verb (used with or without object), funned, fun·ning,
adjective, fun·ner, fun·nest.
Origin of fun
British Dictionary definitions for for fun
- (adverb) quickly; vigorously
- (interjection) not at all! certainly not!
verb funs, funning or funned
Word Origin for fun
Word Origin and History for for fun
"diversion, amusement," 1727, earlier "a cheat, trick" (c.1700), from verb fun (1680s) "to cheat, hoax," of uncertain origin, probably a variant of Middle English fonnen "befool" (c.1400; see fond).
Stigmatized by Johnson as "a low cant word." Older sense is preserved in phrase to make fun of (1737) and funny money "counterfeit bills" (1938, though this may be more for the sake of the rhyme). See also funny.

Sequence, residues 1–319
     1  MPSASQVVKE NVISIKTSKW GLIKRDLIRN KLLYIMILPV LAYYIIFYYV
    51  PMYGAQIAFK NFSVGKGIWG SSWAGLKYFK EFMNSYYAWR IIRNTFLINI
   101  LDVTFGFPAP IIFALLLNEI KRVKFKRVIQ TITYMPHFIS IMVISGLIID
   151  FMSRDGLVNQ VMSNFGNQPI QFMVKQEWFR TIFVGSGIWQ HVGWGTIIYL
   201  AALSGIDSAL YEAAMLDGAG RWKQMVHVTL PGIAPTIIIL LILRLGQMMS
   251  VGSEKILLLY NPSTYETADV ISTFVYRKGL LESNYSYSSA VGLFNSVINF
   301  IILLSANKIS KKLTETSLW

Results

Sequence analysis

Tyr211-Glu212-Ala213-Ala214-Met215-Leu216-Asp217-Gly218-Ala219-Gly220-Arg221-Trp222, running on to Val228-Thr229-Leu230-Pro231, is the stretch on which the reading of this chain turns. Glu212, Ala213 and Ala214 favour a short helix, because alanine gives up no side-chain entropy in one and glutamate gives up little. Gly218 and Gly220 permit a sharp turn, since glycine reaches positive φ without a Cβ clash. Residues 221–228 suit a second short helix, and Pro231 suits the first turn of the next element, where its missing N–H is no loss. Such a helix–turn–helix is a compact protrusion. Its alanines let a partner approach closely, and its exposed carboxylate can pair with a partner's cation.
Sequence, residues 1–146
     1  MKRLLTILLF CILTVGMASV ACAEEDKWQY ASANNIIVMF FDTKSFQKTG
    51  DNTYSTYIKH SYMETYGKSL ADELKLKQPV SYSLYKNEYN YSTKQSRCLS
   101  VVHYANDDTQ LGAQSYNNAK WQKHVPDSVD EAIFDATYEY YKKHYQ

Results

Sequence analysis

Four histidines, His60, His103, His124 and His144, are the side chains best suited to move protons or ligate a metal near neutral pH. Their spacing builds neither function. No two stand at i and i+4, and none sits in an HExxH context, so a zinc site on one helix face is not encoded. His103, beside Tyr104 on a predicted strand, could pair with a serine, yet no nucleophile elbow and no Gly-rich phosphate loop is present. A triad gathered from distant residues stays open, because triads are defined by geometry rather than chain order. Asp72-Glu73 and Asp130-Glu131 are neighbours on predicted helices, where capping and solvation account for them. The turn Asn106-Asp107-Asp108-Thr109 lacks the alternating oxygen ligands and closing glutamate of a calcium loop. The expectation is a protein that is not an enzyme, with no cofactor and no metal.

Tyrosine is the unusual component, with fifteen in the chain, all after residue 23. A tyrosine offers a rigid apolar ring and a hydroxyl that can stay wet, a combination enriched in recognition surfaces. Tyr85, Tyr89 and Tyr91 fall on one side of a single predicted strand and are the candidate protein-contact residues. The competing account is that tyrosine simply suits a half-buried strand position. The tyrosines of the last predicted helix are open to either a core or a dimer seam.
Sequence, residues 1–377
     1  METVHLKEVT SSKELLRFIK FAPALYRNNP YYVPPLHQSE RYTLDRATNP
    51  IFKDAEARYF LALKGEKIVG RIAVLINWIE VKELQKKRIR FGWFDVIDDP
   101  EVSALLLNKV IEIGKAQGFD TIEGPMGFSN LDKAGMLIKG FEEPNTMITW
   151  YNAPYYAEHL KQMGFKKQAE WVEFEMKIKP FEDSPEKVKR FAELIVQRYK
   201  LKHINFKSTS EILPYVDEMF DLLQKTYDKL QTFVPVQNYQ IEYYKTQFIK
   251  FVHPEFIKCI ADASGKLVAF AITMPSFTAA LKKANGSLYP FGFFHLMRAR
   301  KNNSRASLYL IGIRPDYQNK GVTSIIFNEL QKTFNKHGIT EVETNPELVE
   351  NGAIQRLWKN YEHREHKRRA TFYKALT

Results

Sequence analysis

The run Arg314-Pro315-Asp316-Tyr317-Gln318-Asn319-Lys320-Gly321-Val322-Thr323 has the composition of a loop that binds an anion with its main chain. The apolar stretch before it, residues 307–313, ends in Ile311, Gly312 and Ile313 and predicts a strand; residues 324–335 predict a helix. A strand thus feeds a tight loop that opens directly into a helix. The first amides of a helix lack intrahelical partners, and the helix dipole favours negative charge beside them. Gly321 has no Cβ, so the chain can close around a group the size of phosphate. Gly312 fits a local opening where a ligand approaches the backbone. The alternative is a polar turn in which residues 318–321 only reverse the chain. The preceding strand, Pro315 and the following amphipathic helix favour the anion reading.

Idioms and Phrases with for fun (1 of 2)
Also, in fun. As a joke, not seriously. For example, For fun the children told the teacher it was a holiday, or Their teasing was just in fun. [Mid-1800s]
for the fun of it; for kicks. For pleasure or excitement. For example, He played basketball for the fun of it, or They drove around for hours, just for kicks. Also see for the hell of it.
Idioms and Phrases with for fun (2 of 2)
In addition to the idiom beginning with fun
- fun and games
- funny bone
- funny business
- funny money
- for fun
- like fun
- make fun of
- more fun than a barrel of monkeys
Also see underfunny.